Pinterest aims to lead by boosting diversity

To progress its work on developing policy initiatives, Pinterest committed to donate its first $50 million for policies that support diverse employees in technology.

The paid leave policy Pinterest now offers — 16 weeks paid parental leave — supports more employees than most large employers in the country, including the federal government, and is currently the longest paid parental leave benefit in the Fortune 500.

The office is making women’s empowerment more of a priority, as part of its broader efforts to strengthen the gender diversity of its leadership ranks. For women who want to join Pinterest, the company will launch a recruitment program during Women’s History Month in March.

Still, co-founder and chief executive Ben Silbermann said at an event Friday that Pinterest has more work to do. He said Pinterest would be altering its maternity leave policy to make it more focused on returning employees and increase the number of paid weeks of leave to 22 weeks from 16.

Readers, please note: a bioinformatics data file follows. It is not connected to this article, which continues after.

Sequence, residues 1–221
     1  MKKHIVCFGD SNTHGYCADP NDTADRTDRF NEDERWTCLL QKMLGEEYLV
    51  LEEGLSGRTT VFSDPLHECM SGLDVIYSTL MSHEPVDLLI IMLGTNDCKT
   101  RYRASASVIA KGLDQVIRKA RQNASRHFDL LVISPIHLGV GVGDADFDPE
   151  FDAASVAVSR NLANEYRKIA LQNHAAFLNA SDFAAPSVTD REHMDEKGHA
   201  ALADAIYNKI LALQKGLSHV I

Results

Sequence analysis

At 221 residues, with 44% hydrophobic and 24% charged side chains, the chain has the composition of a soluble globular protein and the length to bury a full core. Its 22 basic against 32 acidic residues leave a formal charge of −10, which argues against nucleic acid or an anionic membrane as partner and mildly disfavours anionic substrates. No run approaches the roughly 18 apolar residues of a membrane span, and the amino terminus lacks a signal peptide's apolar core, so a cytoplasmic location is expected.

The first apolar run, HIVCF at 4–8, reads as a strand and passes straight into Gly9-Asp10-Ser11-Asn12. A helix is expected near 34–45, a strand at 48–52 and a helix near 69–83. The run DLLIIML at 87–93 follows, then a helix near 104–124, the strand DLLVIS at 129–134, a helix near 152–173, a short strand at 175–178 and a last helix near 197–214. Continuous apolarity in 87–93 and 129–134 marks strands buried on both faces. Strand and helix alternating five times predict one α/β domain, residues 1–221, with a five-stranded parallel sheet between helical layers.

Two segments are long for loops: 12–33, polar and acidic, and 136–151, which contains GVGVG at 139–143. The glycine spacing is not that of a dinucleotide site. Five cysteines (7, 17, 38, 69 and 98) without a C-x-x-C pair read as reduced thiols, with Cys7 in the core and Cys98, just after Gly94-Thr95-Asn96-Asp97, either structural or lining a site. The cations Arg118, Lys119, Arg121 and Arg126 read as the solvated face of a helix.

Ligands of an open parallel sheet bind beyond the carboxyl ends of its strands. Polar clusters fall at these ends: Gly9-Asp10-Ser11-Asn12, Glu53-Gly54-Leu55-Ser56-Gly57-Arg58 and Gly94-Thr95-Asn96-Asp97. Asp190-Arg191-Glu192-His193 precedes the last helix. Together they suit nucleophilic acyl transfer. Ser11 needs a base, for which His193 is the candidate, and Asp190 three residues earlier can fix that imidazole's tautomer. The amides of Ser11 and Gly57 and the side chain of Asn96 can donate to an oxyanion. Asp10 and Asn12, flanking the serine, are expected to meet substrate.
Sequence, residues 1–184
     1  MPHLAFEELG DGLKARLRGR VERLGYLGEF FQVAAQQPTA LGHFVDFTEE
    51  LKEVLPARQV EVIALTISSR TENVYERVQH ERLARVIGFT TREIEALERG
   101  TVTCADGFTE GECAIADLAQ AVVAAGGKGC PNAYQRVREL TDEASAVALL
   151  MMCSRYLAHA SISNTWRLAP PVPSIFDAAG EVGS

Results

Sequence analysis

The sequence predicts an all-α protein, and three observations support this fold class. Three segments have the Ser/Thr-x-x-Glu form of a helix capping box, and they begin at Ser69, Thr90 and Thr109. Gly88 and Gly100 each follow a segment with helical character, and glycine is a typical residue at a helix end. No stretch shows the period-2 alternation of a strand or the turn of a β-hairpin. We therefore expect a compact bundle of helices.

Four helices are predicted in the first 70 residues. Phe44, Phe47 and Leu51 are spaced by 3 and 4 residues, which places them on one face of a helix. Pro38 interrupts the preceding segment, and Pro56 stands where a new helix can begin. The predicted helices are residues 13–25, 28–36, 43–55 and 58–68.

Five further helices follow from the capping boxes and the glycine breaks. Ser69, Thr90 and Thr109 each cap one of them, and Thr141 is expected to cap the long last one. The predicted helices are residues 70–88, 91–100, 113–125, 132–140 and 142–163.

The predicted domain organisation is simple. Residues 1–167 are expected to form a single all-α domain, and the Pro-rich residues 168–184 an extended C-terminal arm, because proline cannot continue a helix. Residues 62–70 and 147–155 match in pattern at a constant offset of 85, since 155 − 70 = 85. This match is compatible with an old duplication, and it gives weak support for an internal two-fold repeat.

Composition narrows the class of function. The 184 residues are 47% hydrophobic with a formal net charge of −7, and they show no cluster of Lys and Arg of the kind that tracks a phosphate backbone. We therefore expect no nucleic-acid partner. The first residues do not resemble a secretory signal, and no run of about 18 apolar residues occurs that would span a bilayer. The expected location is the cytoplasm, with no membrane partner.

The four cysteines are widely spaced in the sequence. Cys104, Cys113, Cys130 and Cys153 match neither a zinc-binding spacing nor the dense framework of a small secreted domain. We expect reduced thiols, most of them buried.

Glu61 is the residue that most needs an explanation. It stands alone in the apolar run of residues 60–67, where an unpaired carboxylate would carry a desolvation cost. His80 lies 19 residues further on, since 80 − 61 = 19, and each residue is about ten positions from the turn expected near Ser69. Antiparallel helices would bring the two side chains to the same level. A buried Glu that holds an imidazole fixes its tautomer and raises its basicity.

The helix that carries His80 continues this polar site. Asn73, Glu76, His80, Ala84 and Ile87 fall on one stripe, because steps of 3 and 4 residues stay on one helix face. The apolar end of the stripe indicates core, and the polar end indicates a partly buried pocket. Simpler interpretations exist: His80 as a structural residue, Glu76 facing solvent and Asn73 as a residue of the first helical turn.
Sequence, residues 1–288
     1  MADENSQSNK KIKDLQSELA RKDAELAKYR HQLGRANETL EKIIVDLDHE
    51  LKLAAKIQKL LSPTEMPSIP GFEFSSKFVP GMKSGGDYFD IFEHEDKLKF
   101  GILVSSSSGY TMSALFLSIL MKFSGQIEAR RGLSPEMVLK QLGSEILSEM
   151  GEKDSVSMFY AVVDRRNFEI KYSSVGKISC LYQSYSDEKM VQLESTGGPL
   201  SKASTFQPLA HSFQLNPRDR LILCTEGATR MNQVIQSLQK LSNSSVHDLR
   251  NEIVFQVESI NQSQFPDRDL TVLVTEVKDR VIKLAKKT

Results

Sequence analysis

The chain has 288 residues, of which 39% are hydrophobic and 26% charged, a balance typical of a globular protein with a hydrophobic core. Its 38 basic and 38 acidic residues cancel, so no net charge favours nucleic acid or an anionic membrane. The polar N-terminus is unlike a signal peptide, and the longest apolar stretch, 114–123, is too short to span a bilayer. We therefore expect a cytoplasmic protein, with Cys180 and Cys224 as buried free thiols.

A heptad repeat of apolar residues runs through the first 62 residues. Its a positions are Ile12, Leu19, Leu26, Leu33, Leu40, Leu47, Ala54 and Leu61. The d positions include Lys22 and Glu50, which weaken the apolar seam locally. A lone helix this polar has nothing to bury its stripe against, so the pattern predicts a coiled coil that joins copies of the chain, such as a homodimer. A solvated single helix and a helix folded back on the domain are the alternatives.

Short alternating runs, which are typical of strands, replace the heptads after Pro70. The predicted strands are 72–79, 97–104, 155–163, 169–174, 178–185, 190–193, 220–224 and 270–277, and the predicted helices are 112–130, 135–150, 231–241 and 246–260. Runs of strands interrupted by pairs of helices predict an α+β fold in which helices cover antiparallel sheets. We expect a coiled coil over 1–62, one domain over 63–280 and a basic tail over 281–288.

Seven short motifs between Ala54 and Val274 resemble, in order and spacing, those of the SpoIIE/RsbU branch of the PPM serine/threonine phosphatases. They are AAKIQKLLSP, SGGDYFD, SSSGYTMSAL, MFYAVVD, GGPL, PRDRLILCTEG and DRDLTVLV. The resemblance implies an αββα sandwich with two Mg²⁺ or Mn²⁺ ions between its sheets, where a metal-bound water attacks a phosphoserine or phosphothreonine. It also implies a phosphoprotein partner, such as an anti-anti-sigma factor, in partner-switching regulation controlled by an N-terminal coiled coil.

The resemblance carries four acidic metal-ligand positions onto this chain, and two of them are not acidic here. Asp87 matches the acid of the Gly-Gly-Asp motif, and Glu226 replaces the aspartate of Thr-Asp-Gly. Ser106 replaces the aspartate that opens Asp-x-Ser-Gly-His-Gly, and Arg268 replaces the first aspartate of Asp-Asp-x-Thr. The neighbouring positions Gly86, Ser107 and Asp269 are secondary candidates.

In addition, Pinterest announced a $5 million campaign to support Girls Who Code, an organization that teaches girls, ages 5-18, how to code and encourage them to pursue STEM careers.

“I had the opportunity to speak at several schools about STEM and gender and diversity, and it’s nice to see that we can actually do something real, concrete, about it,” Silbermann said.

He added that he and other female Pinterest employees, including co-founder Shelby Lin, will visit PYFC locations to give “extra clarity” to young girls who may ask them questions about diversity. Pinterest is a sponsor of the organization.

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